Cambodian billiards player Sruong Pheavy has competed successfully for nearly 10 years in South Korea. She is confident it has given her the experience she needs to remain cool and collected as she hunts for a gold medal in her first appearance at the SEA Games.
Pheavy, whose hometown is in Tbong Khmum province, has lived with her husband in South Korea for more than a decade. She expressed her happiness at being given the opportunity to compete for the Kingdom on her home soil.
“I am a cassava farmer’s daughter from the Cambodian countryside who went on to become a famous athlete in Korea. This is the first year that my chosen discipline, carom billiards, has featured at the SEA Games, but I know I have the skill and the mental toughness to win.
“I have represented the Kingdom on the world stage many times, but this is the first time I will have had a chance to do so at home. I will do my best to make the Cambodian people proud,” she said.
Despite being the only Khmer woman to play the sport, in her years of competition in South Korea she has claimed many titles and even been ranked number one, making her a famous name in the sport.
Pheavy is the only Cambodian entry for the carom billiards events at this year’s games. The matches will be played on the third floor of Aeon Mall Sen Sok, from May 7-14.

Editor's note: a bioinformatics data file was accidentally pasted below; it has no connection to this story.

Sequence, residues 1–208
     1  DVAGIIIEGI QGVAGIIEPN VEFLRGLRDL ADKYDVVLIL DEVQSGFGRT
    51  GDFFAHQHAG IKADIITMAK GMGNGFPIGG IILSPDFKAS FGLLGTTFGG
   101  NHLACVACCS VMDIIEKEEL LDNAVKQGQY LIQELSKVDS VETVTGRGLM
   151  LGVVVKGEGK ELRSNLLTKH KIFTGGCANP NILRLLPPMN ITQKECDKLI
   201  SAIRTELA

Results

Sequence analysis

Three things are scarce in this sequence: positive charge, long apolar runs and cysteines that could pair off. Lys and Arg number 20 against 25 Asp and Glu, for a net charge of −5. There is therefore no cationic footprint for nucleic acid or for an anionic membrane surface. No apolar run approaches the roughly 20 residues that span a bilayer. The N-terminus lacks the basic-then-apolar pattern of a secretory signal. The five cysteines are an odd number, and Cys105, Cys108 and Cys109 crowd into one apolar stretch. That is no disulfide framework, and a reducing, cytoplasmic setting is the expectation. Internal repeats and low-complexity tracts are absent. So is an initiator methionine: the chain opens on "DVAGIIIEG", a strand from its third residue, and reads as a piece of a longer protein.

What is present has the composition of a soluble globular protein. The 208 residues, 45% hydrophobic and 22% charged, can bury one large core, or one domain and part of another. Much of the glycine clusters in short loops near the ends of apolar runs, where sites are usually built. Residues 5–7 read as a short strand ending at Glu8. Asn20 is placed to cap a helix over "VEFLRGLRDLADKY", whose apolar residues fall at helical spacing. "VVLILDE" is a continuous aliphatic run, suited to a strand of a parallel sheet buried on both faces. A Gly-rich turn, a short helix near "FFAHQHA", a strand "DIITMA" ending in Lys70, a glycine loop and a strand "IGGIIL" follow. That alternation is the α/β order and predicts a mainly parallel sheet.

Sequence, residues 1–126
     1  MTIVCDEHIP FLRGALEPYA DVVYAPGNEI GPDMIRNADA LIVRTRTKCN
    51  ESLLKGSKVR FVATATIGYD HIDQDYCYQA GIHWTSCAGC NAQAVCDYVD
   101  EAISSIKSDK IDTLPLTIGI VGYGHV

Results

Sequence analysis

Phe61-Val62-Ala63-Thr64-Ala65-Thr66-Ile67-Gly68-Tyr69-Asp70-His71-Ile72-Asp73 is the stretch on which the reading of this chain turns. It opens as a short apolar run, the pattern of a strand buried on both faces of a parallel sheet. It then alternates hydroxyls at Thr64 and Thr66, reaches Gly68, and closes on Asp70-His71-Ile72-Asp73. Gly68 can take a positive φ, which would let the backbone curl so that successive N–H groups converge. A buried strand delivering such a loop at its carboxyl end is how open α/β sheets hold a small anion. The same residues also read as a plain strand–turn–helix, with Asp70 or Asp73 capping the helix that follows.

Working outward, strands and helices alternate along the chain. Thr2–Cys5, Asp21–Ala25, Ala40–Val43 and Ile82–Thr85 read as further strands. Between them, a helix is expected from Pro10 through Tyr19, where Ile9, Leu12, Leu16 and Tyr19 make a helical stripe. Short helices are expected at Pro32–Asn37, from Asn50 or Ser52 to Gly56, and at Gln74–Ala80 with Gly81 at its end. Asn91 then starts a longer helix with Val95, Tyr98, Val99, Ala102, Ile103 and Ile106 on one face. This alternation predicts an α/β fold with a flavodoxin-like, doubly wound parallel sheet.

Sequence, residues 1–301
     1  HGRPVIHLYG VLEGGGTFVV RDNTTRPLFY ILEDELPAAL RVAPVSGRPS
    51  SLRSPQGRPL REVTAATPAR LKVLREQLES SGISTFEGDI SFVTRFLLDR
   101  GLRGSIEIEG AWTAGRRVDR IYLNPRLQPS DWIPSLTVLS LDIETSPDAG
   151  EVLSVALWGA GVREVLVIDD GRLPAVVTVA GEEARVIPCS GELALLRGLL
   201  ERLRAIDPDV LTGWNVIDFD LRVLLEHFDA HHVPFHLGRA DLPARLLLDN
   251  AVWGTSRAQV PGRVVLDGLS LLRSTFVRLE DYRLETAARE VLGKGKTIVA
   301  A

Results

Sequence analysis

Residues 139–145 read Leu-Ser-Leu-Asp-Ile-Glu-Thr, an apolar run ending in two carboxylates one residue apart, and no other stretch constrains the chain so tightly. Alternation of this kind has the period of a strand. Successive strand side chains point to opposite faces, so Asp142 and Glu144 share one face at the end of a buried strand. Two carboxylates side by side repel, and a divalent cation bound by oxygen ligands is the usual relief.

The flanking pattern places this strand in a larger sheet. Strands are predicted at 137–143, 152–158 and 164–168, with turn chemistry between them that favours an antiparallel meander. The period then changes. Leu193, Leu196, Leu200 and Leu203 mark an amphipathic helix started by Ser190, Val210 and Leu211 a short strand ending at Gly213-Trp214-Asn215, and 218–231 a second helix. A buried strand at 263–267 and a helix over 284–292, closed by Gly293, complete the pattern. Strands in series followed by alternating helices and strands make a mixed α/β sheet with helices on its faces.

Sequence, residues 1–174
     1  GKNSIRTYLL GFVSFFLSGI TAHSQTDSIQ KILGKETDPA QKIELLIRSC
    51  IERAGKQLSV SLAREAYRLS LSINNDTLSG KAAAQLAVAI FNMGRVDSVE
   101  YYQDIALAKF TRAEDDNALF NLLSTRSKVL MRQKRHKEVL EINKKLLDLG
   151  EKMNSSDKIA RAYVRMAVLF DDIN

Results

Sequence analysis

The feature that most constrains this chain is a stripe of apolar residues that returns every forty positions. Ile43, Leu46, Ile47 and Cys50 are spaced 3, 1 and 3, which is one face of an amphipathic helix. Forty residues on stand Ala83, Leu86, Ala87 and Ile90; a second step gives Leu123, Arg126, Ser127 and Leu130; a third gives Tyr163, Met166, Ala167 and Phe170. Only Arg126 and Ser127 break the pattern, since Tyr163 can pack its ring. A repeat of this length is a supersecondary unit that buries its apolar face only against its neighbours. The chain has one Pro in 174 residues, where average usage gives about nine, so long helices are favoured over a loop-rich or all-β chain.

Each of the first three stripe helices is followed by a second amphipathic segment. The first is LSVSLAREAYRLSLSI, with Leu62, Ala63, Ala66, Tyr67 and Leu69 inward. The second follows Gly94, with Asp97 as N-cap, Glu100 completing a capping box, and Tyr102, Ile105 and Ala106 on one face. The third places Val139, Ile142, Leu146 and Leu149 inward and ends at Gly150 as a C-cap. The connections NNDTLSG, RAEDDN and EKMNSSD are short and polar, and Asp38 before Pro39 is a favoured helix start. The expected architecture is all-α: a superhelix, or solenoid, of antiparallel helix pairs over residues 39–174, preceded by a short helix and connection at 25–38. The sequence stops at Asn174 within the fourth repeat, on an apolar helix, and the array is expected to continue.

She expects her experience to see her through to the top step of the podium.
“I have almost 10 years’ experience in competition in South Korea, so all the obstacles I have overcome have provided me with a solid base. As a veteran of the sport, I will use what I have learnt in my many years of competing to take victory,” she said.
The four nations that will compete are Cambodia, Vietnam, Thailand and Laos, so Pheavy will have to play a four-person round to make it to the final.
“I have confidence in myself, and this is my first home game, which I expect to give me a boost.
“In previous competitions, my Cambodian fans have supported me via social media, but this time they will there in person! This will give me a massive lift,” she said.
She was unclear about the skill levels of her opponents, although she had seen some of them through YouTube clips.
“However, it is a certainty that they have heard my name. With that being said, I never consider the skill or experience of my opponent. It is important to never underestimate anybody, as that could lead to carelessness on my part,” she explained.
“In sport, if we believe we are the best, we become arrogant, which is a major weakness. Fame and accolades can wait, the most important thing is that we manage our emotions and remain focused,” she added.
She hoped that the sport’s appearance at the games would boost its popularity, both in Cambodia and the wider region.
“My expectation is to win a medal for the Cambodia people, who have waited more than 60 years to host this event.
“Sporting success is a great way for a nation to become well known and build a positive reputation, so I urge all of the Kingdom’s people to love and support sport, no matter what kind,” she said.